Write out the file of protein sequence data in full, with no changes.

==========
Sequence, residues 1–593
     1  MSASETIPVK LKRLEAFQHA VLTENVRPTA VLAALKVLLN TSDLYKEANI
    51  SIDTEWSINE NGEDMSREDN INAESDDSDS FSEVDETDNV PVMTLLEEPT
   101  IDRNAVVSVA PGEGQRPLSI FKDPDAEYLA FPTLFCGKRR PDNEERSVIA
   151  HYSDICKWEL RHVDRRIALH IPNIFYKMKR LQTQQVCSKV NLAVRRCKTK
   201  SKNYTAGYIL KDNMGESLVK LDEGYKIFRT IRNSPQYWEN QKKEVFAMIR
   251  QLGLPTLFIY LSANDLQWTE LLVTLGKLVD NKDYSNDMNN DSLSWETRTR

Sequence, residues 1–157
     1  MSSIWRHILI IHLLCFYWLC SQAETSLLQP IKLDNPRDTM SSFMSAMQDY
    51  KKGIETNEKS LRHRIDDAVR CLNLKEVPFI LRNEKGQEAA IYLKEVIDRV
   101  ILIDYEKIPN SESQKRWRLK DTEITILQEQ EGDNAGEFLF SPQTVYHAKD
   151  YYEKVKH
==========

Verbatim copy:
Sequence, residues 1–593
     1  MSASETIPVK LKRLEAFQHA VLTENVRPTA VLAALKVLLN TSDLYKEANI
    51  SIDTEWSINE NGEDMSREDN INAESDDSDS FSEVDETDNV PVMTLLEEPT
   101  IDRNAVVSVA PGEGQRPLSI FKDPDAEYLA FPTLFCGKRR PDNEERSVIA
   151  HYSDICKWEL RHVDRRIALH IPNIFYKMKR LQTQQVCSKV NLAVRRCKTK
   201  SKNYTAGYIL KDNMGESLVK LDEGYKIFRT IRNSPQYWEN QKKEVFAMIR
   251  QLGLPTLFIY LSANDLQWTE LLVTLGKLVD NKDYSNDMNN DSLSWETRTR

Sequence, residues 1–157
     1  MSSIWRHILI IHLLCFYWLC SQAETSLLQP IKLDNPRDTM SSFMSAMQDY
    51  KKGIETNEKS LRHRIDDAVR CLNLKEVPFI LRNEKGQEAA IYLKEVIDRV
   101  ILIDYEKIPN SESQKRWRLK DTEITILQEQ EGDNAGEFLF SPQTVYHAKD
   151  YYEKVKH